Lisa Ridgway remembered it as a clear, blue September morning in New York City.
She was walking down the street near Gramercy Park, where her daughter had an apartment, and passed a bar. She saw that it was crowded, which was odd for a Tuesday morning. So she decided to see what was going on.
“I said what are you guys doing in a bar on Tuesday morning?” Ridgway recalled asking the crowd. “They said, ‘A plane just hit the World Trade Center.’”
The Jackson pediatrician joined the pack and, as she watched, the second plane hit.
It was all happening only a few blocks away, near the southern tip of Manhattan.
“I went outside and it really was like a different planet,” Ridgway said. “You could see it. You could see the smoke and see the paper that was flying in the air.”
The doctor was one of about a dozen Jacksonites who spoke with the News&Guide about the Sept. 11 attacks, which happened 20 years ago Saturday. She, like others who have called Jackson Hole home for decades, rolled up her sleeves to help out in New York City. Others woke up that Tuesday morning in the valley and learned that the towers had been struck. Some later went to war. Others disavowed it.
But almost everyone remembers where they were when they found out that terrorists had struck the Twin Towers, changing American history — and the lives of people in Jackson Hole.
“I think it just put fear into everybody,” Ridgway said. “The fear of the unknown. And then the fear of the known: That somebody could pull this off.”
Ridgway said she had always thought of the United States as “invincible.”
“And all of a sudden it was vulnerable to something, and nobody knew what it was,” the doctor said. “So there was all this mystery. It affected everybody.”
Sandy Shuptrine also remembered it as a pleasant September morning in Jackson Hole. She heard about the attack just after she finished walking her dog.
Jerry Blann, then the president of Jackson Hole Mountain Resort, was at his Teton Village desk.
Jim Stanford, then a journalist with the Jackson Hole News, was up early, cranking out a story.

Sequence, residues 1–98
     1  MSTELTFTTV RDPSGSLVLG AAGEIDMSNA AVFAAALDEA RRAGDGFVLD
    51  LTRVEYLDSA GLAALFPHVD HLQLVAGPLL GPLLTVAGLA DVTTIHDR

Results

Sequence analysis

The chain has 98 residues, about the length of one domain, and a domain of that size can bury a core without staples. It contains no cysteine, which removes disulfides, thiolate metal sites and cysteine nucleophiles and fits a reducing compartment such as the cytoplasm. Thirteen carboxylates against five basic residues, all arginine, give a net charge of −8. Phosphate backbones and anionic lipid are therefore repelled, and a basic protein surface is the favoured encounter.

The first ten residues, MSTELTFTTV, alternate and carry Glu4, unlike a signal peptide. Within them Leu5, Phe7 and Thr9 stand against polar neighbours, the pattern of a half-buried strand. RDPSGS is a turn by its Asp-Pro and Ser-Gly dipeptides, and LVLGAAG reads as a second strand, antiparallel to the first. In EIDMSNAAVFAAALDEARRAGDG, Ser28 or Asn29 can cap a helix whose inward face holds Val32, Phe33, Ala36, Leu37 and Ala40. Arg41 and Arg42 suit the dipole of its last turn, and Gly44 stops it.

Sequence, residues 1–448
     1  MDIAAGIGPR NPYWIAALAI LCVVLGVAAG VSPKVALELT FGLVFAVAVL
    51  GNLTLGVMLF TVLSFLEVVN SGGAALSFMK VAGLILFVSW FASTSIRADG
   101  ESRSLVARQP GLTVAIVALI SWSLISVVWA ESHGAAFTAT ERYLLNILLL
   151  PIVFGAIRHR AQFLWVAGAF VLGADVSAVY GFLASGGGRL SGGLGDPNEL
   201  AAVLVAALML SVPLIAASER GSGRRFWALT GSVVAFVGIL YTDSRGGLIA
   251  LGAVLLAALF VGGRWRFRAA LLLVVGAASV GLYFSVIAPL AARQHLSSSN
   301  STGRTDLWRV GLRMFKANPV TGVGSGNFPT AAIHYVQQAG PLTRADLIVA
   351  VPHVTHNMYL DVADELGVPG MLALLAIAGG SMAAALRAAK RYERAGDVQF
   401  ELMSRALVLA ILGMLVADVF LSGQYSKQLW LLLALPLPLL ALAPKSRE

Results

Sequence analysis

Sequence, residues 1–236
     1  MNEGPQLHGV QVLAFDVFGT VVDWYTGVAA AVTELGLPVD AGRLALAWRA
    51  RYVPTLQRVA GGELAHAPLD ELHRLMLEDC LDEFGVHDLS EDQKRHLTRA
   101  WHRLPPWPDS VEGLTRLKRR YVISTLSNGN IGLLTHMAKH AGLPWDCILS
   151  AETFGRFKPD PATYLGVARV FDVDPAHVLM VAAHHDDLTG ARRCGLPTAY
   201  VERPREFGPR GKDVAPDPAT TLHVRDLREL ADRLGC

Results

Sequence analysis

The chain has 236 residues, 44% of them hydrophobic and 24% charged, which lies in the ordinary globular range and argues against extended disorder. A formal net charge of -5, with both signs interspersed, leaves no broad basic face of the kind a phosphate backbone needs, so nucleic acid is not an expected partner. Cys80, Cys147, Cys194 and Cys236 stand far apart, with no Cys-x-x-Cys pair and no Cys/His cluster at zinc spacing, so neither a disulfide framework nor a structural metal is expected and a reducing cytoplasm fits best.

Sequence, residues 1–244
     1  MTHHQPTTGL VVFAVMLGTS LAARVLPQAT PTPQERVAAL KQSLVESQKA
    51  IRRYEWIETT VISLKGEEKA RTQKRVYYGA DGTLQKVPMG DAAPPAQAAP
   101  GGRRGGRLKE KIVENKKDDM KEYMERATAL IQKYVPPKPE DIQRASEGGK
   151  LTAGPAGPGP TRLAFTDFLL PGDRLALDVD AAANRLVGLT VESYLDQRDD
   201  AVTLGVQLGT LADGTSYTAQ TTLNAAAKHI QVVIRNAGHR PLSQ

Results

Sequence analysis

It was early.
The first plane hit the North Tower at 8:46 a.m. eastern time — just before 7 a.m. in Jackson.
The second plane hit the South Tower about 15 minutes later. The Pentagon was next, and then a fourth plane crashed into a field in Pennsylvania. It was assumed to have been headed for the U.S. Capitol, but passengers fought back and drove it down.
Everyone on the four planes died.
The Jackson Hole Airport shut down. Teton County Sheriff Matt Carr, at the time a deputy with the Teton County Sheriff’s Office, was called out to secure Vice President Dick Cheney’s house.
Jacksonites set up a blood drive, and people turned out in droves.
There was a vigil that evening, and the Jackson Hole News sprung into action to cover what was happening over 2,000 miles away. Stanford, originally from New York, said the attacks hit him hard.
“It was deeply personal,” he said, remembering people in the newsroom trying to contact family members who worked in the area. “We were traumatized.”
Shuptrine, a commissioner at the time, said the Teton County Board of County Commissioners was ready for discussion, but not heavily involved in the response. It was a national, rather than local disaster.
“But I do remember it being very quiet,” she said.
There were no planes in the sky, save for military jets.
Worries for the future
Ridgway left the bar that Tuesday, found her way to a Beth Israel medical center and offered to help respond to the calamity, which claimed over 2,600 lives in New York alone.
She flushed survivors’ eyes, washed their bodies to get rid of potential contamination and collected phone numbers so the hospital could contact families when phone lines became available.
But by mid-afternoon ash-covered ambulances stopped coming.
“There were no more survivors,” Ridgway said.
On the Upper West Side, Mariam Diehl was at home, getting ready for work when, watching the news, she saw the planes strike the towers.
Her first call was to a close friend who lived close to Ground Zero. The friend had just left her building with her two babies — and was running north.